Trump’s decision to renege on the nuclear deal was a terrible unforced error, and the process that led to that decision is no less worrisome:

Even if Mr. Mattis had wanted to fight for the deal, it is not clear how much he would have been heard. Mr. Bolton, officials said, never convened a high-level meeting of the National Security Council to air the debate [bold mine-DL]. He advised Mr. Trump in smaller sessions, otherwise keeping the door to his West Wing office closed. Mr. Bolton has forged a comfortable relationship with the president, several people said, channeling his “America First” vocabulary.

Bolton’s handling of the run-up to Trump’s decision on the nuclear deal shows that he isn’t interested in presenting a range of opposing views to the president and the president is content to let Bolton limit the information he receives. One of the reasons to be worried about having Bolton as National Security Advisor is that he will not be an honest broker when it comes to presenting the president with all the facts. That worry was obviously well-founded. Because Bolton is an ideologue and has extremely hard-line views on Iran in particular, he isn’t going to allow the president to hear views that contradict his own, and that means that Iran policy in particular and U.S. foreign policy in general is going to become more aggressive and ideologically-driven than they already were.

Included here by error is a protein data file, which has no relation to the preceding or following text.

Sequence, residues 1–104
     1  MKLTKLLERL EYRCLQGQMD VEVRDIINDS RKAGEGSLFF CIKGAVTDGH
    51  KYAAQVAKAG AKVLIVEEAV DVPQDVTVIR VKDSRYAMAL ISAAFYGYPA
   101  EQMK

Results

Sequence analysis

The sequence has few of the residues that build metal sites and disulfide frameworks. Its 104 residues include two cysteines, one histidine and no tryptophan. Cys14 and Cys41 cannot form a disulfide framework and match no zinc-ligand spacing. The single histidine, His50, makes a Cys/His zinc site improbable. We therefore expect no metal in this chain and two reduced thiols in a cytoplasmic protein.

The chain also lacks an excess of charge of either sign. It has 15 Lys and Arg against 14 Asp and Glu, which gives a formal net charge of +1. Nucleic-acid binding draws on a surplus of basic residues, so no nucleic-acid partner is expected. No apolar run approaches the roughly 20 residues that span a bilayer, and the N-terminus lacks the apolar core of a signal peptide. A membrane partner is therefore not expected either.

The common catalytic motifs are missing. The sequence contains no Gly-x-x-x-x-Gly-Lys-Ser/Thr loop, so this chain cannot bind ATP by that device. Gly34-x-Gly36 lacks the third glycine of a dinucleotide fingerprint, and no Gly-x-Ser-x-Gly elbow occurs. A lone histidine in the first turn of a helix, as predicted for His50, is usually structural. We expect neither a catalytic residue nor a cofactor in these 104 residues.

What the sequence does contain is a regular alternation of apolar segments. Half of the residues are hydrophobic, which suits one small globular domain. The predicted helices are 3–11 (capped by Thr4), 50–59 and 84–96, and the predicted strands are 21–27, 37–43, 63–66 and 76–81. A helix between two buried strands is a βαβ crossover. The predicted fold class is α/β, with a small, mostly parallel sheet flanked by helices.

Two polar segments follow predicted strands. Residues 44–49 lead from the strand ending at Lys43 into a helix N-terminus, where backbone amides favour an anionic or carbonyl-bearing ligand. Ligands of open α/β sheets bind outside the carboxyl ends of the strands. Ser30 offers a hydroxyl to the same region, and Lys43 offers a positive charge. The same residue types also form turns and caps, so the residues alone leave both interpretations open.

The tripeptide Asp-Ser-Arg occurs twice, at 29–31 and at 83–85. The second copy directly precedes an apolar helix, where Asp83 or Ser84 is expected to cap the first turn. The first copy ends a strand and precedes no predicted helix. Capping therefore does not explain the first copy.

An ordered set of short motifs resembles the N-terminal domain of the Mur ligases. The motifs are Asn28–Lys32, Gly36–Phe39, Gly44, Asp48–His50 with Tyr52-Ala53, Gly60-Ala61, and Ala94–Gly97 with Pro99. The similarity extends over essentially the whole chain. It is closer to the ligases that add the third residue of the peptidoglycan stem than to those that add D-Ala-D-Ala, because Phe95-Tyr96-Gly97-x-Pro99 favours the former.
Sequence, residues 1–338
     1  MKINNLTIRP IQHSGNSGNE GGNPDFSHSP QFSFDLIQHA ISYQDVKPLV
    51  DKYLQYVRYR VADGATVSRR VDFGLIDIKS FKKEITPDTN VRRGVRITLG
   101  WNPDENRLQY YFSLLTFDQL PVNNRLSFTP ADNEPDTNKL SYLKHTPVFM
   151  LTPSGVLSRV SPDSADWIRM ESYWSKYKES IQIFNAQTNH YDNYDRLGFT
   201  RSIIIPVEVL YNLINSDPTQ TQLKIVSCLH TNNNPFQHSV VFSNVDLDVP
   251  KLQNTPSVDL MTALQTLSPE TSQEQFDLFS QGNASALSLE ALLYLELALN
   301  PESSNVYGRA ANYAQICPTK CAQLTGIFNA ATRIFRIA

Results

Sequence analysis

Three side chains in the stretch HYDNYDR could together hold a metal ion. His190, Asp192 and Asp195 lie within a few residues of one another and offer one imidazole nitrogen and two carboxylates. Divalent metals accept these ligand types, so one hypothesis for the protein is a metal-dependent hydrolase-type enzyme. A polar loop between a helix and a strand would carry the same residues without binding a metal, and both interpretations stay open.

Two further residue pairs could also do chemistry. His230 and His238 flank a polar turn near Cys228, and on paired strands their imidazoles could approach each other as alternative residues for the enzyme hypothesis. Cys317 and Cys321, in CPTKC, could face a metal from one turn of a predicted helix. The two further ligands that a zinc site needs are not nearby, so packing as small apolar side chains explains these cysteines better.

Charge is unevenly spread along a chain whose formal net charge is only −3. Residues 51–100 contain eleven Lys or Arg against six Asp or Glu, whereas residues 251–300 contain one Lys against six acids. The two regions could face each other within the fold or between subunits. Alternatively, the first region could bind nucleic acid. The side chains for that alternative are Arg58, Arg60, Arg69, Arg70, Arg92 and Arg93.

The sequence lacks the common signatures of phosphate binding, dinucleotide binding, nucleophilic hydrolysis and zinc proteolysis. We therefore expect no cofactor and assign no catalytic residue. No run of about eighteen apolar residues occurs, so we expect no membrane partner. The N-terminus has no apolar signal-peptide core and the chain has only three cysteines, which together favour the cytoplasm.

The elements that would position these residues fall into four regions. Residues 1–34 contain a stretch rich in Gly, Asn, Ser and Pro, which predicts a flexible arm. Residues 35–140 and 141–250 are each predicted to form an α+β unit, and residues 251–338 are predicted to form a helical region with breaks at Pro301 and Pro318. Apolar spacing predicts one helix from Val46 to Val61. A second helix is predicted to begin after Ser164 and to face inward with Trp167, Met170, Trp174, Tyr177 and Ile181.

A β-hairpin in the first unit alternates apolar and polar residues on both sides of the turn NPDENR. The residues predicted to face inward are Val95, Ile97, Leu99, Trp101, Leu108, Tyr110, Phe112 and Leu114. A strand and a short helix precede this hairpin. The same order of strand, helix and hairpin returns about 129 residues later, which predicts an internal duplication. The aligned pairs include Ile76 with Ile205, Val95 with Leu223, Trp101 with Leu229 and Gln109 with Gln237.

This is all the more disturbing because of reports that Bolton’s NSC is circulating plans to foment regime change in Iran:

The plan, authored by the Security Studies Group, or SSG, a national security think-tank that has close ties to senior White House national security officials, including National Security Adviser John Bolton, seeks to reshape longstanding American foreign policy toward Iran by emphasizing an explicit policy of regime change, something the Obama administration opposed when popular protests gripped Iran in 2009.

The regime change plan seeks to fundamentally shift U.S. policy towards Iran and has found a receptive audience in the Trump administration, which has been moving in this direction since Bolton—a longtime and vocal supporter of regime change—entered the White House.

It doesn’t come as a surprise that talk of regime change in Iran has increased since Bolton took office. Bolton is a longtime advocate for the Mujahideen-e Khalq, a deranged totalitarian cult that he would like to install as the next government of Iran, and he has made no secret of his desire to topple the Iranian government. It was just a matter of time before he started trying to make this official policy.